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Inprovisational Jazz Pianist Cecil Taylor Wins Kyoto Prize

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Listen to a 2012 NPR profile on Cecil Taylor, above.

 Cecil Taylor. Photo: © Stephen Laufer

Cecil Taylor, in 1998. Photo: © Stephen Laufer

Photo: Peter Gannushkin/downtownmusic.net

Photo: Peter Gannushkin/downtownmusic.net

Cecil Taylor has been a giant among jazz pioneers for decades. It’s great to see him handsomely rewarded by the Insamori Foundation in Japan, who announced that Mr. Taylor had been awarded the Kyoto Prize on Friday.

(NPR story: Cecil Taylor: The Pianist Who’s Also An Orchestra.)

Taylor, now 84 years old, joins an extremely eclectic and elite list of artists in the ‘Arts & Philosophy’ category, with winners in past years including: Pina Bausch, William Kentridge, Issey Miyake, Nam June Paik, Akira Kurosawa and John Cage. He had previously been awarded a MacArthur Fellowship in 1991.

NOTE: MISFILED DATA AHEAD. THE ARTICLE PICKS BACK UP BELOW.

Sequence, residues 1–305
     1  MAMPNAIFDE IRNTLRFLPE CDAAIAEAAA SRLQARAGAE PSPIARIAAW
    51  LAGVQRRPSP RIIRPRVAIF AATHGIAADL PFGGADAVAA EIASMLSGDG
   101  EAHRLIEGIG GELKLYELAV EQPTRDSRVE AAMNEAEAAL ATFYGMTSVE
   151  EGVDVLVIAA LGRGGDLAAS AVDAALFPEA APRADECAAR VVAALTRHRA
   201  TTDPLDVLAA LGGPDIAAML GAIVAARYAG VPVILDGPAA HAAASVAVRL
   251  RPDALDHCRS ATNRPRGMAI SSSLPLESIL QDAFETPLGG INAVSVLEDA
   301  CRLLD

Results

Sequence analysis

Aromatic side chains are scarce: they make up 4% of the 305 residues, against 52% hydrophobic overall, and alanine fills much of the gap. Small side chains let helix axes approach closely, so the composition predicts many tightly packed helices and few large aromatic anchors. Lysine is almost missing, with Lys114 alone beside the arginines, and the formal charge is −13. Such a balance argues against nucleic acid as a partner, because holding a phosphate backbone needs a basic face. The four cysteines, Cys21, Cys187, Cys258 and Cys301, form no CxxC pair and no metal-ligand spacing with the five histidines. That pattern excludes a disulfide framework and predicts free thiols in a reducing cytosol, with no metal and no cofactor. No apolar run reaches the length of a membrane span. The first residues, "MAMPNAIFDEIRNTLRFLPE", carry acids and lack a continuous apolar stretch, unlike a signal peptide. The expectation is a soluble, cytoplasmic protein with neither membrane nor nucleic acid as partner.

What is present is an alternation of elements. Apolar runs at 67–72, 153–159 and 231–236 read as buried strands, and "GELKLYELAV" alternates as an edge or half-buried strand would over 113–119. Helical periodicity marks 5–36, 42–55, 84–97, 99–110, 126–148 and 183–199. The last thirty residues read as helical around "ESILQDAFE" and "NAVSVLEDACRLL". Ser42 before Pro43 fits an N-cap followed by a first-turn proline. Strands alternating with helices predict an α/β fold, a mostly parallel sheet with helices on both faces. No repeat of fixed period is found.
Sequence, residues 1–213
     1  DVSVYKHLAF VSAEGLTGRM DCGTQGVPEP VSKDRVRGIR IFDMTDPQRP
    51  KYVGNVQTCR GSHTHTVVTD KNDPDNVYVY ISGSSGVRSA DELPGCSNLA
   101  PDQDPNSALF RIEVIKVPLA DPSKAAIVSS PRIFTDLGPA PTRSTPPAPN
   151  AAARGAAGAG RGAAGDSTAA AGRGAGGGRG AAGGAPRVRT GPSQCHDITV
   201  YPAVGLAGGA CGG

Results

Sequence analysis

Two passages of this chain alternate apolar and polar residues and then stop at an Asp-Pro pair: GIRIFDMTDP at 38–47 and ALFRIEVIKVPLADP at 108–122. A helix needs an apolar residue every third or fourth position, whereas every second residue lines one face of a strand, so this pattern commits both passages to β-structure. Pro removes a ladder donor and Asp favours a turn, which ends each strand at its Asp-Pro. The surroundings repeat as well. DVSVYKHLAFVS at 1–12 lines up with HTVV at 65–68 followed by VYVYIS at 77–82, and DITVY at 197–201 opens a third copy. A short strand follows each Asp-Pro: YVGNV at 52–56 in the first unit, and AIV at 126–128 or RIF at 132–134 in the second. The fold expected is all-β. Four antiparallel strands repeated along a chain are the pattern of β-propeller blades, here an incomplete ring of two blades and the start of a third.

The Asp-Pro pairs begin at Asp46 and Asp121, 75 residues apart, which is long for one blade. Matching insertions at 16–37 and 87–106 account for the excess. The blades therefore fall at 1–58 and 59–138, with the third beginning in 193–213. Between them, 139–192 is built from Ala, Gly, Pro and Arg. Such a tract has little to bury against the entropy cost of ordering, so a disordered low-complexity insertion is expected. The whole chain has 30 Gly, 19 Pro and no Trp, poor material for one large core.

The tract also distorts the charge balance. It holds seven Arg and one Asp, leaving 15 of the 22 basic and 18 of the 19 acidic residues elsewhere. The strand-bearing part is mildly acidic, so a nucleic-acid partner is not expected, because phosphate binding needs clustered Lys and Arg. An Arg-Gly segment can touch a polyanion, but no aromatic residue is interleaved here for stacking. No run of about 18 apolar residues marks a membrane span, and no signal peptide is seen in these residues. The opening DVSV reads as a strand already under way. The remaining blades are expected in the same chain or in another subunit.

The prize money is 50 million yen, or approximately $510,000.

The Inamori Foundation wrote:
“One of the most original pianists in the history of free jazz, Mr. Cecil Taylor has developed his innovative improvisation departing from conventional idioms through distinctive musical constructions and percussive renditions, thereby opening new possibilities in jazz. His unsurpassed virtuosity and strong will inject an intense, vital force into his music, which has exerted a profound influence on a broad range of musical genres.”

 

Resources:
•  New York Times 2012 feature: Lessons From the Dean of the School of Improv
•  Inamori Foundation’s Cecil Taylor page
•  Jazz critic and author Gary Giddins: Interview on Cecil Taylor
•  Excerpt from the documentary: Cecil Taylor – All the Notes (Watch the full 70 min.)
•  Bulbs – Recorded in 1961

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